All of this is accomplished using Embedded Multi-Die Interconnect Bridge (EMIB) technology, along with a newly contrived framework that enables power sharing between Intel’s first-party processors and third-party graphics chips with dedicated graphics memory. Even so, it’s too early to tell whether this is a better solution than the purebred AMD notebooks.

Still, if all you're looking to do is play League of Legends at modest settings or relive your childhood with a hard drive full of emulators (it's okay, we won't tell), the latest Intel Kaby Lake, Coffee Lake or AMD A-Series APU processors for desktops will likely fare just as well as any forthcoming portable graphics solution.

On the high end, such as in cases where you'll be pairing your CPU with a powerful AMD or Nvidia GPU, Intel’s processors are typically better for gaming due to their higher base and boost clock speeds. At the same time, though, AMD provides better CPUs for multi-tasking as a result of their higher core and thread counts.

While there is no clear winner in the graphics department, survey says AMD is the better option for integrated graphics, especially on mobile with its Ryzen chips for laptops.However, Intel is working on improving its own integrated graphics in 2019, with its Gen11 graphics – we’ll have to see how well they work when they actually ship. But, early leaked benchmarks make Intel’s next generation of integrated graphics look appealing, indeed.

Hardcore gamers who don’t mind shelling out the extra cash for a GPU will find that Intel is better for gaming alone. Meanwhile, AMD is superior for carrying out numerous tasks at once.

When you buy a new computer or even just a CPU by itself, it's typically locked at a specific clock speed as indicated on the box. Some processors ship unlocked, allowing for higher clock speeds than recommended by the manufacturer, giving users more control over how they use their components (though, it does require you know how to overclock).

AMD is normally more generous than Intel in this regard. With an AMD system, you can expect overclocking capabilities from even the $129 (£84, AU$145) Ryzen 3 2200G. Meanwhile, you can only overclock an Intel processor if it's graced with the “K” series stamp of approval. Then again, the cheapest of these is the $173 (about £130, AU$240) Intel Core i3-9350K.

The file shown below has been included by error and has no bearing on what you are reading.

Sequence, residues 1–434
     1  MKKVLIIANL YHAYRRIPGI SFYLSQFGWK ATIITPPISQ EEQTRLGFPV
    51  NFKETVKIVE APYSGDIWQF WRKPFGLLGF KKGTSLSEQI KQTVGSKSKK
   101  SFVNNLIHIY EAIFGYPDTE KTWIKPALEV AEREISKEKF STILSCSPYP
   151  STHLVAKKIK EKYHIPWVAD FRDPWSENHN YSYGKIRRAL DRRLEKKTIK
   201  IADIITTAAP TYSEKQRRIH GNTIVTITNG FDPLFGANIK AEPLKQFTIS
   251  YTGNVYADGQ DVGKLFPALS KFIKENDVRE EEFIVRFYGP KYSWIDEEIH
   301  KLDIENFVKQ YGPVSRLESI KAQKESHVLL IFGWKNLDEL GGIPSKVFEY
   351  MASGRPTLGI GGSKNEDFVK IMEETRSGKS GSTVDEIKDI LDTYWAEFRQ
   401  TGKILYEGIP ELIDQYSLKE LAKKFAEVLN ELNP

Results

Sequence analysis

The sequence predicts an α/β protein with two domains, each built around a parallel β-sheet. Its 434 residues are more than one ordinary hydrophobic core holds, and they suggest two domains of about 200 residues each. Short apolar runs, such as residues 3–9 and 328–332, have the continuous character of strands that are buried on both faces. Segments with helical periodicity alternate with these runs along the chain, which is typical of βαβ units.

Both companies will void your warranty if you brick your processor as the result of overclocking, though, so it’s important to watch out for that. Excessive amounts of heat can be generated if you’re not careful, thereby neutralizing the CPU as a result. With that in mind, you’ll be missing out on a few hundred stock megahertz if you skip out on one of the K models.

Intel’s more extravagant K-stamped chips are pretty impressive, too. The i9-9900K, for instance, is capable of maintaining a whopping 5.0GHz turbo frequency in comparison to the 4.3GHz boost frequency of the Ryzen 7 2700X. If you’ve access to liquid nitrogen cooling, you may even be able to reach upwards of 6.1GHz using Intel’s monstrous, 18-core i9-7980XE.   

In the end, the biggest problem with AMD’s desktop processors is the lack of compatibility with other components. Specifically, motherboard (mobo) and cooler options are limited as a result of the differing sockets between AMD and Intel chips.

While a lot of CPU coolers demand that you special order an AM4 bracket to be used with Ryzen, only a handful of the best motherboards are compatible with the AM4 chipset. In that regard, Intel parts are slightly more commonplace and are often accompanied by lower starting costs, too, as a result of the wide variety of kit to choose from.